Consider the farmer

farmer leaning on tractor with dogPhoto Credit:

And now, a more personal blog.

A few days ago, I felt somewhat disheartened by a lack of response from prospective clients. Well over 70 active proposals and I scarcely heard a whisper. On top of that, I was having issues with a non-responsive client (I ultimately had to cancel the project. It was very disappointing.).

It wasn’t a great start to the week.

My problem, at least in part, was I was looking at this professional lull the wrong way.

Job seekers, this post is for all of you. When you get down and the employment fish just aren’t biting, consider the farmer.

I lived out in farm country down in the United States for a few years before coming to Canada (I’m originally American, for those who don’t know) and it was an interesting experience getting to know the agricultural industry. While the field (no pun intended) has its own specific knowledge, there’s a lot any job seeker can learn from the work farmers do.

To quote Ecclesiastes of The Bible, there’s a time and a season for everything. Farmers plan their crops, till their fields, scatter the seeds, protect the plants…and there’s a right time for every step.

What’s the point? Right now, this is your time to scatter your seeds; send out your resume, lurk on job websites, work the shoe leather by going door-to-door…keep up the search, even when you feel like giving up. Each daily task you complete when it comes to your job search is another seed sown; another chance for an interview, a job, a career.

With each resume and application submitted, you don’t usually see immediate results. That’s the point, though; you’re investing your time for the future and, in time, you’ll reap the rewards. In farming, that’s the harvest! In the job hunt, well, it’s finally getting that job.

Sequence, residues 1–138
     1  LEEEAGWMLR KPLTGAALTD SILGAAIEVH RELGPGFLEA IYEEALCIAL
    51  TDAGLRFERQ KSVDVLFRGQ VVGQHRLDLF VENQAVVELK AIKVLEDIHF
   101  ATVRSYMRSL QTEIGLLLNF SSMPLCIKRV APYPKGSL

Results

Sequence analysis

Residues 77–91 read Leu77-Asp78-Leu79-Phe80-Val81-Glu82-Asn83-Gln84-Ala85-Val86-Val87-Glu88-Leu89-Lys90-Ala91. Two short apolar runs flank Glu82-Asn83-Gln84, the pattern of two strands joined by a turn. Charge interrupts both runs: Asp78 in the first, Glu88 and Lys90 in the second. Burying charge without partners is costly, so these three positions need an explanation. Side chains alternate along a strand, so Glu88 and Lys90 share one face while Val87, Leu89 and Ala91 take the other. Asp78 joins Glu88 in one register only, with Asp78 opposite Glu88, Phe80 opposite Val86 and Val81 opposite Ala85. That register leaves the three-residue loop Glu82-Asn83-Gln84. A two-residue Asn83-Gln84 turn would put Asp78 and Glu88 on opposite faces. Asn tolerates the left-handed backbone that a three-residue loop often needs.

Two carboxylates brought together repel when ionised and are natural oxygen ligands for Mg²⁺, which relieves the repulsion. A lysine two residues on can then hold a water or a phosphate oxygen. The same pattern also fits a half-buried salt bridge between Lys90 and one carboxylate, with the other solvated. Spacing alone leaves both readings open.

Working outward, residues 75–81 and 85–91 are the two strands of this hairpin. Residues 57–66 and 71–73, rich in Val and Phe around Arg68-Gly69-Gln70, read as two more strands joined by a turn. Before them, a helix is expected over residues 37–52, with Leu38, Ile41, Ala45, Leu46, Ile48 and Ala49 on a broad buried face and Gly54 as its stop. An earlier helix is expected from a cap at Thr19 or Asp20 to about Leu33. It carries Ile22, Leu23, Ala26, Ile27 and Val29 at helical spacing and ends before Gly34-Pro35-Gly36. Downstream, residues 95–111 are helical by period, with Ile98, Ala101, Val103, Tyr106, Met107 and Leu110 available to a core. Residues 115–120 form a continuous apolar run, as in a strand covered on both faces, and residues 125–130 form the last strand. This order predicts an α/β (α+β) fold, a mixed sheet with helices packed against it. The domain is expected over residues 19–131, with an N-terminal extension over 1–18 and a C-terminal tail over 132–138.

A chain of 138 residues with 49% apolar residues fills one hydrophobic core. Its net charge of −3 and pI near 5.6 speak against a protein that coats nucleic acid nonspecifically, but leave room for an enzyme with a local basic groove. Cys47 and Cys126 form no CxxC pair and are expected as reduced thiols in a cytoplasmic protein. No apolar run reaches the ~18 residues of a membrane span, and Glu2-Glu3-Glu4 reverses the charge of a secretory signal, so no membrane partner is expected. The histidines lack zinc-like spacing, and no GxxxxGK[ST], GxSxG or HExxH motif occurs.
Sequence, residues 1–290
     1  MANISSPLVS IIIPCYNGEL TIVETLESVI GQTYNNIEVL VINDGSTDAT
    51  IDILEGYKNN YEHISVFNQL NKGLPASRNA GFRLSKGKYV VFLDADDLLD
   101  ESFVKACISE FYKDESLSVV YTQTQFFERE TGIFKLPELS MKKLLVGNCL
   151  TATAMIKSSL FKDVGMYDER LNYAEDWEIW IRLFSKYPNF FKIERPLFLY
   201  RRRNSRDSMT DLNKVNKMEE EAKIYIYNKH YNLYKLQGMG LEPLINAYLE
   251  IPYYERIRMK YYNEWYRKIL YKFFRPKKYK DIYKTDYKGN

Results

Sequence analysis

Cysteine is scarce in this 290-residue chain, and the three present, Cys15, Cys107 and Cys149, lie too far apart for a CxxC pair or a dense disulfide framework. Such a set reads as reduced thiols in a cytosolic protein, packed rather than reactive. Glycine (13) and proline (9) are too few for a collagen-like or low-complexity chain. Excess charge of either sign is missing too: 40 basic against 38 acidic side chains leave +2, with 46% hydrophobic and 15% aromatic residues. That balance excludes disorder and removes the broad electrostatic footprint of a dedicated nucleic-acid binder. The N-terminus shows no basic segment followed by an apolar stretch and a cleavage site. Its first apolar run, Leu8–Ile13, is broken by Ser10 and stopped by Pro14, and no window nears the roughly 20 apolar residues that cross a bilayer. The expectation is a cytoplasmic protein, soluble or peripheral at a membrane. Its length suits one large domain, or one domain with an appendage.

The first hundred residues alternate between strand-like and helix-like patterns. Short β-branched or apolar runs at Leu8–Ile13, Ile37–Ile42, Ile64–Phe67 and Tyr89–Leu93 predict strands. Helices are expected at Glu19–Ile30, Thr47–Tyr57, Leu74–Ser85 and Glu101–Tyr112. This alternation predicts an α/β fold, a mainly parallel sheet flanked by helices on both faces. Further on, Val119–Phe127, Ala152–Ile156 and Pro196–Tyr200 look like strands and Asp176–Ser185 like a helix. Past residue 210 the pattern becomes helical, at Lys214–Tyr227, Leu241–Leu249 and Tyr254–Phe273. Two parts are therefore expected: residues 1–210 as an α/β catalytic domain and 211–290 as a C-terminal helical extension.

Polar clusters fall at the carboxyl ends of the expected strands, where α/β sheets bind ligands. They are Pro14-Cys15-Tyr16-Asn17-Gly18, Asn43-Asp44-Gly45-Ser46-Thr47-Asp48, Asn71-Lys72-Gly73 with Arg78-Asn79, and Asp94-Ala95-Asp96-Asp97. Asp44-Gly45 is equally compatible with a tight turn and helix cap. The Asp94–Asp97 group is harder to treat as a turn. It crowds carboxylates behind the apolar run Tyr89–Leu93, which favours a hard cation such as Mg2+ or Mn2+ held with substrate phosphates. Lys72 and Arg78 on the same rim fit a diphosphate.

There are some dissimilarities, too. The difficult part of looking for work is the interim between sowing and harvest; unlike farming, there’s not much action where a job applicant is concerned. You can apply for jobs, follow up on inquiries, but other than that, unless you’re shortlisted for an interview, there’s not much action to take. When that happens, start back at step one and keep on going until you break through.

I suppose the takeaway here is to keep working for your future and don’t lose faith. Through all the hard work, preparation and study, farmer can never know for absolute certain what the return on their investment will be before harvest is done. There are unpredictable factors, like pest infestation or a severe weather disaster. Yet the setbacks, be they real or still just possibilities, don’t hold the farmer back. They shouldn’t hold the job seeker back, either.

You never really know what tomorrow will bring. Perhaps its an interview, perhaps its a new job. You don’t know. What you should know, though, is that every day that goes by on your search is one day closer to landing the job you want.
Have faith, keep trucking, and I’ll talk to you all next week.

– Adam

Do you have any tips for surviving the job hunt? Feel free to discuss below!



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One thought on “Consider the farmer

  1. […] work online (well, let’s face it, finding work in general) can be quite stressful. Figuring out a brand new job landscape like freelancing websites can add […]


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